Uncertain, still

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SummaryRBI needs to recognise that a modern, inflation targeting monetary policy must also be transparent

The rise in consumer price inflation and decline in industrial production are going to be pressing concerns for monetary policy. Next week, when RBI governor Raghuram Rajan makes the announcement, he will not only have to worry about the impact of a possible US taper announcement a day later, but also that of worsening economic data in India. Recent signs of a recovery have been weak. Hopefully, the contraction in demand will pull overall inflation down, albeit slowly.

When inflation goes up and pushes up inflationary expectations, if the central bank keeps the nominal policy interest rate the same, it means that real interest rates will be lower. The forecast of inflation a few quarters ahead, which is usually what monetary policy targets, will be higher. This logic of standard monetary policy could suggest that the RBI should raise rates. But it is not so straightforward. Since the RBI uses a measure of core inflation, which excludes volatile elements, its inflation forecast will depend on what has happened to core inflation. This is not known yet. The RBI does not release the composition of its core inflation so it is not clear yet whether its forecast is higher and thus, whether or not it will choose to raise rates. By not releasing this data publicly, the RBI has increased the uncertainty about monetary policy actions. Since the essence of modern, inflation-targeting monetary policy is to manage expectations, this is the first step that needs to be taken to increase the effectiveness of monetary policy. Transparency, pre-commitment and consistency are crucial for monetary policy to work. The second step is to announce a CPI target. Since Rajan has indicated that it is consumer price inflation that matters, his credibility will be hurt if the CPI continues to rise but the RBI does not have a stance on how much it should be.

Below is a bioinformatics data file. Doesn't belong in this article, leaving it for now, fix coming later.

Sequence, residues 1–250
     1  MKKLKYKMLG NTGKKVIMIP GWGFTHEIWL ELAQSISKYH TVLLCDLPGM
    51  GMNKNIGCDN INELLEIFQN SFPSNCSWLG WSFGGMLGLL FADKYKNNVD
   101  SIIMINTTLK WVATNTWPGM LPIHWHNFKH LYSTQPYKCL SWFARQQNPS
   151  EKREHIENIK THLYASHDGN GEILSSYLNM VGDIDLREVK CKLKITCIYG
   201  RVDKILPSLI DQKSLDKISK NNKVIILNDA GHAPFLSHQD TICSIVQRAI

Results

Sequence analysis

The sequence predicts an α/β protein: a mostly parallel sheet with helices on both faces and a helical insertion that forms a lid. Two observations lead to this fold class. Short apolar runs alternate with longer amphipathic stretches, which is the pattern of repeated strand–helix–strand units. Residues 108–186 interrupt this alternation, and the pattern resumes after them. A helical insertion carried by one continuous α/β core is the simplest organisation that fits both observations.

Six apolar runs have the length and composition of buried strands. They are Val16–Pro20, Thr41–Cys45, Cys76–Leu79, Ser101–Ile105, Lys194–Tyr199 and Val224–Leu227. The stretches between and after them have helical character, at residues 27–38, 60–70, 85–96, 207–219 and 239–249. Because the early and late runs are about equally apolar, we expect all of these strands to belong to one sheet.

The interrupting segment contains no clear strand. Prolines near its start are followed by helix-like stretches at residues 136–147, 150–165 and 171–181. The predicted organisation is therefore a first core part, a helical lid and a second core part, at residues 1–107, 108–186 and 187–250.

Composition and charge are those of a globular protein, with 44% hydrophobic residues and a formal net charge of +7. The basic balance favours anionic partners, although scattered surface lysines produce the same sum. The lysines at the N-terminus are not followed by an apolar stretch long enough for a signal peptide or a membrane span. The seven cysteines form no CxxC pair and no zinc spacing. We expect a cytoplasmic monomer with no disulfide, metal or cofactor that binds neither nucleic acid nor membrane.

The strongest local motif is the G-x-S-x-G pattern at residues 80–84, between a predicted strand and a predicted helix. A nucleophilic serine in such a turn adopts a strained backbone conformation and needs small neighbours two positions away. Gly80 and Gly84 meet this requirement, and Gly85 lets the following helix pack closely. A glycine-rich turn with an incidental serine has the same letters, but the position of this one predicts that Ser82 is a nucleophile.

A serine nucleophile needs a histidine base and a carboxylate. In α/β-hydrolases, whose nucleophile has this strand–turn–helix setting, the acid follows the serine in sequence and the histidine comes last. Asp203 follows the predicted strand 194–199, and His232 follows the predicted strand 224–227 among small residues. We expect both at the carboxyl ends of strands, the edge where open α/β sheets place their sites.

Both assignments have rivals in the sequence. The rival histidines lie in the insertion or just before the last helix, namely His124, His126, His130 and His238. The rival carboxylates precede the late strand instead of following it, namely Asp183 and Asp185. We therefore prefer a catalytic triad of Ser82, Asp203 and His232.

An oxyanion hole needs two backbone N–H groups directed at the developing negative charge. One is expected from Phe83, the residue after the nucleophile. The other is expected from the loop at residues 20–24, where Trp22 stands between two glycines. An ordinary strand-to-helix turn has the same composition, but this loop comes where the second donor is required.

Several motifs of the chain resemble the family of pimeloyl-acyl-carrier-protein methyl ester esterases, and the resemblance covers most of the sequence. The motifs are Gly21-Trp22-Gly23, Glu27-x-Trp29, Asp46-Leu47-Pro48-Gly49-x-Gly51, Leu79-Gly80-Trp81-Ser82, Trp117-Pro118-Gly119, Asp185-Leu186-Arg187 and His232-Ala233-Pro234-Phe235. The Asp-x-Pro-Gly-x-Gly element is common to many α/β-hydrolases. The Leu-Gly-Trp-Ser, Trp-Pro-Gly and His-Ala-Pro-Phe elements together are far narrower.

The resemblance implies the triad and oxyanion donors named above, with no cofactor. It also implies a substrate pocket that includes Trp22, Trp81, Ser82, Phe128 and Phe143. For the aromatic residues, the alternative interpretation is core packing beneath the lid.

The increase in inflation mainly draws from food prices, which are driven by a 61 per cent increase in vegetable prices. Prices of vegetables, and of onions and tomatoes in particular, have risen rapidly due to untimely rainfall and a bad crop. The extent to which monetary policy can have an influence on food prices is debatable. There is no option for the government but to solve the problems of supply, regulation, markets and licences that plague this sector. This must be done on a war footing.

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